Hammer set to fall on Yaraka school

Hammer set to fall on Yaraka school

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Former Yaraka school principal Gerry Gimblett, outside the school which is now up for sale.

Former Yaraka school principal Gerry Gimblett, outside the school which is now up for sale.

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AN ambitious plan to keep not only the school building but an educational presence in the small town of Yaraka in the state's central west appears to have fallen on deaf ears with Education Queensland.

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AN ambitious plan to keep not only the school building but an educational presence in the small town of Yaraka in the state's central west appears to have fallen on deaf ears with Education Queensland.

At a time when debate rages about the sale of large assets to service government debt, a "For Sale" sign has gone up in front of the disused school building, much to the concern of locals.

The small community of 12 learnt that the building would be offered at auction on site on July 19 when the sign was placed on the front fence a week or so ago.

A spokesperson for the Minister for Education, Training and Employment, John-Paul Langbroek said the school had closed under the previous government in 2009 and had been vacant for some time.

"The department has an $18 billion property portfolio so regularly buys and sells land and sites," she said.

"Once a school has been closed for an extensive period of time the site is usually progressed for sale."

She said the Yaraka Sports and Progress Association would have the opportunity to acquire the site once the property had been placed on the open market.

Suggestions by members of the community to reopen the building as a community education centre seem to have fallen on deaf ears.

Gerry Gimblett was the teaching principal at Yaraka between the years of 1986 and 1993 and has now taken on the ownership of the local hotel in partnership with her husband Chris and son Nick.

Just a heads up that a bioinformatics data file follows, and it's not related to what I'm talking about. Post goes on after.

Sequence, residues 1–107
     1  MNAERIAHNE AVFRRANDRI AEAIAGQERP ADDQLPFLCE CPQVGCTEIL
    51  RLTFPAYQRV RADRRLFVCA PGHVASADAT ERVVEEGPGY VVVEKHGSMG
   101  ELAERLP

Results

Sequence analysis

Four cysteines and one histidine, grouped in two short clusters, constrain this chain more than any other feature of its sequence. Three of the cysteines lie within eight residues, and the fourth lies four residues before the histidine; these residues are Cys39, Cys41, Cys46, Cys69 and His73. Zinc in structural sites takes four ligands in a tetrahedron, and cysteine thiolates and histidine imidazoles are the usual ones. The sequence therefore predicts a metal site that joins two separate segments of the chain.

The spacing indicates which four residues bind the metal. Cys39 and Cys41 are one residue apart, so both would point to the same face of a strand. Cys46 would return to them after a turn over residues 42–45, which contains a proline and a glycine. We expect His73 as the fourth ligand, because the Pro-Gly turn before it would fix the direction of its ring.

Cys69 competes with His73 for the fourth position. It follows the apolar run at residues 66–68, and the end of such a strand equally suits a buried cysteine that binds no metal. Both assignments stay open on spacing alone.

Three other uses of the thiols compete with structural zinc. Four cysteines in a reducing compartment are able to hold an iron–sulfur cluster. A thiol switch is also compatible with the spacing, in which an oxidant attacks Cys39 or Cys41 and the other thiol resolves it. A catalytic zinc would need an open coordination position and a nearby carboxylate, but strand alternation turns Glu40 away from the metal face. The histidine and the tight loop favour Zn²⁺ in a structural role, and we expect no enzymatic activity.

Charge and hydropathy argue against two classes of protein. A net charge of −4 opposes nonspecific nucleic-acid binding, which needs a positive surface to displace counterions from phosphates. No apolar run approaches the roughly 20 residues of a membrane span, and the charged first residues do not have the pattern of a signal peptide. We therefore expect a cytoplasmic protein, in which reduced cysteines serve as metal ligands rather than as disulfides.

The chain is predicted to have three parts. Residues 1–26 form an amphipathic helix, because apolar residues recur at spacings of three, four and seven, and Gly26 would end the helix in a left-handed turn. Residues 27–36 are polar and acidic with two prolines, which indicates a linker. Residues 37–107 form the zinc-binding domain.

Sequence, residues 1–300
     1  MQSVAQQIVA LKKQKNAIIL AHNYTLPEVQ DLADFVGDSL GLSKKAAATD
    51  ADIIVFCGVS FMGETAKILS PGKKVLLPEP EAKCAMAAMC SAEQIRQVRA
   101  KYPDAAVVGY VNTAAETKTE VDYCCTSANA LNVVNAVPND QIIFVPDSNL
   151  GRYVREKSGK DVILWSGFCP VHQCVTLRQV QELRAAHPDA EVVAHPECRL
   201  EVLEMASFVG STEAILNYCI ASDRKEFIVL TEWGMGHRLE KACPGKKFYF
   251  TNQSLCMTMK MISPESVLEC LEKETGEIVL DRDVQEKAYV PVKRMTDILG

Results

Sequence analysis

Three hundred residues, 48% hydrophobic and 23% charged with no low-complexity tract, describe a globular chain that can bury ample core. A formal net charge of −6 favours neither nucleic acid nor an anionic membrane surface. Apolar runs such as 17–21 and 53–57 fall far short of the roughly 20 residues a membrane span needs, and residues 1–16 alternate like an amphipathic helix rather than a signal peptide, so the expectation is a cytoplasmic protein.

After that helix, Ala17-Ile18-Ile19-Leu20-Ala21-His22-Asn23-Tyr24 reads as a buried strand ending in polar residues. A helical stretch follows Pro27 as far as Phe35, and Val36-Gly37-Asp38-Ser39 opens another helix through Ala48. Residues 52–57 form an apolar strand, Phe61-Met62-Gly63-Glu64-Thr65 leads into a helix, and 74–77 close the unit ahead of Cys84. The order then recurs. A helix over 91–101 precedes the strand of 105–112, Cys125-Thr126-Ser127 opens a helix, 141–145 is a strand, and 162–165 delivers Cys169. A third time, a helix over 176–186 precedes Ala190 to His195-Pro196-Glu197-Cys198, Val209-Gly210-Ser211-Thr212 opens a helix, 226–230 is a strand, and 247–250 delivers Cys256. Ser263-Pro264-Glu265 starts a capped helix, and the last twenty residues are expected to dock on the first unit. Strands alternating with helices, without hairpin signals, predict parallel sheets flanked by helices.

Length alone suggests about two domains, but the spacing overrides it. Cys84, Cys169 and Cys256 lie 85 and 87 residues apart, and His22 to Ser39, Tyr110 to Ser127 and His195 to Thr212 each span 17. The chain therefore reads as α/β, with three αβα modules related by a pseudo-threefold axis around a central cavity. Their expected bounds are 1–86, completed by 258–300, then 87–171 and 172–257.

She would like to see the Education Department base a paraprofessional at the school as part of the state's distance education system, working under the direction of staff from Longreach, to provide tutoring support for remote families.

"Ideally, if DETE could cover the cost of a paraprofessional to provide tutoring support, not only for children in town but also for children on properties, the local community would be happy to meet the maintenance needs of the site as well as the accommodation needs of the person.

"I have spoken to families, who would welcome the chance to bring their children in a couple of days a week."

Gerry said this was not the same as reopening the school but would be a cheaper option.

She claimed a departmental costing of setting up an interactive classroom showed it would recoup the costs of a principal, a teacher-aide and a cleaner within 12 months.

"As far as the minister is concerned, no more school closures would be needed with this model," she said.

Advantages she lists include an easier mechanism to cope with fluctuating enrolment numbers, giving parents certainty, and giving local education options up to Year 10.

She also envisages the building becoming a hub for video forums, allowing adult education options.

"A school building says to a community, education is important," Gerry said.

"Selling it off sends a message of devaluation."

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